Association with disease severity in contact lens related keratitis
Transcript Association with disease severity in contact lens related keratitis
Biofilm bacterial diversity: Association with disease severity in
contact lens related keratitis
L. Wiley1, M. Mcallister1, L.A. Wiley2, T. Elliott2, D. Bridge2, J. Odom1, J. Olson2,
West Virginia University Eye Institute1, Department of Microbiology, West Virginia University2
Purpose: Biofilm formation in contact lens cases may
predispose to the development of contact lens related
keratitis. To better understand the composition of
contact lens case biofilm, we used 16S ribosomal RNA
(rRNA) gene sequencing to examine cases from
patients with mild keratitis, keratitis with focal infiltrate,
and contact lens related ulcers, as well as cases from
Heat map: number of bacterial isolates per patient (columns)
grouped by disease severity. Seven controls are not included
because no bacteria were isolated.
Scanning Electron Micrograph Demonstrating Biofilm on a Contact Lens
from a patient with keratitis and a focal infiltrate
Mean visual acuity
Methods: Contact lens cases were obtained from 5
patients with mild diffuse keratitis, 8 with keratitis and
focal infiltrates, and 4 with contact lens related ulcers.
Eight cases from asymptomatic soft contact lens
wearers were processed as controls. Biofilms were
removed from lens cases by scraping and sonication,
and DNA was extracted using the Mo Bio Microbial DNA
Isolation Kit. Universal primers were used to amplify the
bacterial 16S rRNA gene, PCR products were purified,
cloned into the pCR 4-TOPO vector (Invitrogen), then
re-amplified and sequenced. Sequences were classified
by BLAST analysis against GenBank. Each sequence
was matched with at least one database entry at the
genus level (identity >95%).
Results: The number of bacterial types isolated from
the case correlated with increasing severity of disease
(Spearman rank order correlation <0.000001). There
was a statistically significant difference between the
number of bacterial types identified and the four clinical
groups: normal, mild keratitis, keratitis with focal
infiltrate and corneal ulcer, p=0.0006. All the affected
groups exhibited more bacterial types than the controls
(Mann-Whitney U test, p=0.0013). Presenting visual
acuity was correlated with number of bacteria identified
(p=0.011). Achromobacter and Stenotrophomonas were
Discussion: Biofilm formation in contact lens cases can be a potential
source of toxin production, and also may harbor organisms which cause
contact lens related keratitis.1,2
This involves a developmental cycle in which planktonic organisms
aggregate on a surface, and then irreversibly adhere to that substrate.
Microcolony formation occurs through cell to cell, quorum-sensing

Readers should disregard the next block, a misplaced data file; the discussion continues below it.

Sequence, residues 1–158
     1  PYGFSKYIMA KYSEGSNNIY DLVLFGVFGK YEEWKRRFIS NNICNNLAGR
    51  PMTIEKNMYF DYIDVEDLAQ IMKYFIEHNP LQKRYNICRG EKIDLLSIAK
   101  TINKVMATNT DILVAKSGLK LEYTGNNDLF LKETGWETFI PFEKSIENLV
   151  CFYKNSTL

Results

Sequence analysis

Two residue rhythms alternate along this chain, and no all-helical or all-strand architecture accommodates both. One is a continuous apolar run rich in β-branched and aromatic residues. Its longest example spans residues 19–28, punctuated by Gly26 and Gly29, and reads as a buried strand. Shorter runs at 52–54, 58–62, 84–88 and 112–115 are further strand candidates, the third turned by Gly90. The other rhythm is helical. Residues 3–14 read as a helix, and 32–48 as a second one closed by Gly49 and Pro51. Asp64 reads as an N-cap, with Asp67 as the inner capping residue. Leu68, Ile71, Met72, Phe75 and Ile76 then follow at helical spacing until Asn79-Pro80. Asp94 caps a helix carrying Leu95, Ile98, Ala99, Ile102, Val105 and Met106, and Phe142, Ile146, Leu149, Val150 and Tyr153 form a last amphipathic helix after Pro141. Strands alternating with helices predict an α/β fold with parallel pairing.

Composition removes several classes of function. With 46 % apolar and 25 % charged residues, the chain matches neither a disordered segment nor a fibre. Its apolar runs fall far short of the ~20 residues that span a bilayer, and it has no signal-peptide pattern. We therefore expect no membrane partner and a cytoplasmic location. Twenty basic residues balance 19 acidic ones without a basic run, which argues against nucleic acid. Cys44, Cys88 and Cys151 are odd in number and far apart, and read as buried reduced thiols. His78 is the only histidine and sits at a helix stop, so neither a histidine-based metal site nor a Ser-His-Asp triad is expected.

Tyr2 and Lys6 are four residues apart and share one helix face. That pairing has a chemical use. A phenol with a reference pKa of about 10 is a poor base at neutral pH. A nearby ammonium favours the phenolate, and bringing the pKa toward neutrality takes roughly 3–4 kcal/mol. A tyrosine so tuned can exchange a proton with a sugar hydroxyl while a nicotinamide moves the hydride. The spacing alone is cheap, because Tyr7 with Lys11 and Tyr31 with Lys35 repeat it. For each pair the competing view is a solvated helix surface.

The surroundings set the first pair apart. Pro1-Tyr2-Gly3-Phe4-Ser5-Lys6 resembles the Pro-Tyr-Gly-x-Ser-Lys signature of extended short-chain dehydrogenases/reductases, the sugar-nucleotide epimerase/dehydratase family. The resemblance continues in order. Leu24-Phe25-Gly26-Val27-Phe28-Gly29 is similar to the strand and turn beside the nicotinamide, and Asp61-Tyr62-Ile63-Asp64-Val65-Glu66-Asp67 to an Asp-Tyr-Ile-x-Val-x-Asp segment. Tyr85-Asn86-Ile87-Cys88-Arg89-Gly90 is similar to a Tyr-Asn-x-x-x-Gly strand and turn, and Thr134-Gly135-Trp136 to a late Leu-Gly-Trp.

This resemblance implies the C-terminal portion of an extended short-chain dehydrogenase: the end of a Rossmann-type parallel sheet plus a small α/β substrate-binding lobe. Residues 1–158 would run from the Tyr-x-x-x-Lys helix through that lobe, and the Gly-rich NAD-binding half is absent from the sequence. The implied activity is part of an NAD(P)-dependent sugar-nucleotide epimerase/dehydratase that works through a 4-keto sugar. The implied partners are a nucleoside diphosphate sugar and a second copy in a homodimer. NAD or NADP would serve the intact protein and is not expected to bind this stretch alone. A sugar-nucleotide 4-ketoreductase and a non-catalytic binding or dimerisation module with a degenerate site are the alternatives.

signaling leading to increased bacterial diversity and eventual
elaboration of planktonic organisms.
While the early biofilm may produce toxins, the mature biofilm
evolves to a stage in which it begins to disperse metabolically active
planktonic organism, and these bacteria may promote the formation of
microabscess or frank corneal ulceration. Microcolonies of the mature
biofilm may be released from the main structure, facilitating rapid
development of contact lens biofilm.
We observed a predominance of gram negative organisms, such as
Achromobacter and Stenotrophomonas in early biofilms, whereas
advanced biofilms have more gram positive species and a more diverse
gram negative population. Our data suggests that Achromobacter and
Stenotrophomonas organisms may play an important role in establishing
the contact lens case biofilm.
Conclusion: Bacterial diversity from contact lens cases was correlated
with severity of disease and presenting visual acuity, and was greater
than asymptomatic controls. Achromobacter and Stenotrophomonas are
prominent residents of contact case biofilms.
1. McLaughlin-BorLace L, Stapleton F, Matheson M, Dart JK: Bacterial biofilm on contact lenses and lens storage cases in wearers
with microbial keratitis. J AppI Microbiol. 1998 May; 84(5):827-38.
2. Galentine PG, Cohen EJ, Laibson PR, Adams CD, Michaud R, Arentsen JJ: Corneal ulcers associated with contact lens wear.
Arch Ophthalmol. 1984; 102(6):891-94.
Biofilm bacterial diversity: Association with disease severity in contact lens
This study provides additional support for the premise that contact lens case biofilm development and
progression are associated with the presence and severity of contact lens related anterior segment disease.
The practice of testing contact lens solution effectiveness against the planktonic organisms may provide a
false sense of security in their ability to prevent infection in actual practice.
This process of biofilm evolution is likely to occur in contact lens wearers who are noncompliant with proper
The practice of “topping” off case solution is an example of a practice certain to invite biofilm formation.
– Further study to determine the rate of biofilm formation and composition will be forthcoming
Although fungus and protozoa were not evaluated in our study, Stenotrophomonas is a favored nutrient
species for Acanthamoeba and may be a precursor to such infections.